Three Nursing Students Present Research During Independence Blue Cross Internship


Alyssa Christiansen, Dayna Howitz, and Reece Young, senior nursing majors, presented their research projects and accompanying posters during the Independence Blue Cross Foundation’s recognition event for its nursing internship program on August 3.

According to the Foundation, more than 20 undergraduate nursing students from 10 colleges and universities participated in the 10-week internship throughout various Independence Blue Cross or community health centers that are supported by the Foundation’s Blue Safety Net grant program. The Foundation also partnered with the Children’s Hospital of Philadelphia to create a Leadership Lab, where student interns were able to connect experiential learning with professional development from Philadelphia’s top healthcare professionals.

Christiansen’s presentation was entitled “Barriers to Colon Cancer Screenings in Homeless Population.” Her internship target population focused on homeless and underserved individuals, which prompted her to want to understand the problems these individuals faced regarding colon cancer screenings, as well as any additional barriers to receiving proper care.

“Homeless individuals have limited resources such as access to private restrooms, transportation limitations, and even lack of insurance,” Christiansen noted in her findings. “They also have trouble navigating appointments. Some solutions to these problems are assigning patient navigators to patients in order to close the loop of care and also allowing the patient to stay at a medical respite overnight to complete the prep.”

Howitz presented a poster entitled “Sickle Cell Crisis: Improving Pain Management to Prevent Frequent Emergency Room Visits.” Her interest in the topic was sparked after working with high-cost claimants throughout the summer. Howitz wanted to examine better ways to manage pain caused by sickle cell to prevent frequent emergency room visits, ultimately lowering high-cost claims and improve the patient’s quality of life.

“I found that dedicated sickle cell infusion clinics had some of the best effects on sickle cell patients,” Howitz said. “These clinics would be staffed with doctors and nurses who specialize in sickle cell disease. This allowed for an increase in education related to sickle cell crisis and a decrease in the stigma that goes along with long-term opioid use.”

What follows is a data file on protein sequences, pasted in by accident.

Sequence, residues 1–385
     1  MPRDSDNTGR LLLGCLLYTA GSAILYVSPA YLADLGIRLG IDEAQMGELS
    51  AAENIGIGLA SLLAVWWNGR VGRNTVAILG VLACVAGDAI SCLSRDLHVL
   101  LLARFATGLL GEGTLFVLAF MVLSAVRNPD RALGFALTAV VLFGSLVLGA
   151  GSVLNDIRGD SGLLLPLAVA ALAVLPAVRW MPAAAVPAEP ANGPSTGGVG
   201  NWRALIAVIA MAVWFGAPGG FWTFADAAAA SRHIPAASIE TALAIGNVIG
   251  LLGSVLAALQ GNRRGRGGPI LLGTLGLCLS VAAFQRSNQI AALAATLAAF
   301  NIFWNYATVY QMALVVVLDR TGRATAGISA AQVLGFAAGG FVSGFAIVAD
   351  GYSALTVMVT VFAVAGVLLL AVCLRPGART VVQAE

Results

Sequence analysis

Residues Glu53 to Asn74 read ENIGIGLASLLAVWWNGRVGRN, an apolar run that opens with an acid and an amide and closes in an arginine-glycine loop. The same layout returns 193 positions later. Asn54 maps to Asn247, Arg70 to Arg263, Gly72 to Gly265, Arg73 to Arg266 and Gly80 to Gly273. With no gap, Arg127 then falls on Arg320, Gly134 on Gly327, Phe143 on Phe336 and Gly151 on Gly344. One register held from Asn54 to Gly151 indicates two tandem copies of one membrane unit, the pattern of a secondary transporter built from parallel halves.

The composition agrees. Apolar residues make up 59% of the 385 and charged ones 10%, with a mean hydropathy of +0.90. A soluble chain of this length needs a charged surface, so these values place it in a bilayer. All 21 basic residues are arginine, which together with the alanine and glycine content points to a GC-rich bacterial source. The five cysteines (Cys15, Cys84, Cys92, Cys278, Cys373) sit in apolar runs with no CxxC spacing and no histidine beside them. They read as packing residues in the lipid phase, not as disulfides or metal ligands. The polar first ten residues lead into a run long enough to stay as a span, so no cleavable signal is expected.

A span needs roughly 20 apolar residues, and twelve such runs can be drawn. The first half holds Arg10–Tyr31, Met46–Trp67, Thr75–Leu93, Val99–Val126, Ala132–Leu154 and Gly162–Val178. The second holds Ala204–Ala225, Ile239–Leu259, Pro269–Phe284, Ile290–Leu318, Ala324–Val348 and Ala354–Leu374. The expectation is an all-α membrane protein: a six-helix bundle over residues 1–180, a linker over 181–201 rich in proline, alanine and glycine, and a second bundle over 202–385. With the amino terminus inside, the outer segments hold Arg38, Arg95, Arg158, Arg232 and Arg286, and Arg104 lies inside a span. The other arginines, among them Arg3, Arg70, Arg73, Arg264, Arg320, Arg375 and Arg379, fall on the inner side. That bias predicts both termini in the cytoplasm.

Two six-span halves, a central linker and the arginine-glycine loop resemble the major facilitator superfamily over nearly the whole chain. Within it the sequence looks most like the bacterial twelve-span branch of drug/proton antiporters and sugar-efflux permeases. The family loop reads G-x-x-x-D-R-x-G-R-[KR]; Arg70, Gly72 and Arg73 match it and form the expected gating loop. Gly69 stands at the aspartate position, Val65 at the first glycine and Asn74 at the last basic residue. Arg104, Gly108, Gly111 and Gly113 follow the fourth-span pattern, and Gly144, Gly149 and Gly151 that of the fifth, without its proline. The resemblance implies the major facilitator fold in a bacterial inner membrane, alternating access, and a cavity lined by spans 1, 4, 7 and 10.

Young’s presentation was entitled “Motivational Interviewing: Getting the Most Out of Patient Contact.”

Young worked closely with referrals coming from different doctors and nurse practitioners who were dealing with diabetic individuals. Young was responsible for following up on the patient visits with a questionnaire to make sure their needs were met. According to Young, the close-ended questions did not elicit significant and meaningful responses. His research involved incorporating therapeutic interviewing to allow more dialogue and improve patient outcomes and behaviors.

“I reviewed multiple interviews from the available literature between clinicians and patients,” Young said. “The interviews compared this style with a more ‘directing’ style where the clinician tells the patient what they are going to do and how. The conversations with ‘directing’ usually ended abruptly and either missed a large part of the patients’ needs or the patient said ‘okay, sure’ to tell them what they want to hear and not actually follow through. Meanwhile, the therapeutic method allowed for a flow of dialogue. This method allowed the clinician to understand where the patient is and assess areas such as readiness to change and what strengths or weaknesses they may have to achieve their ultimate goals. The second piece of this project was seeing how it actually translates in the field and observing how this method can improve lifestyle and behaviors.”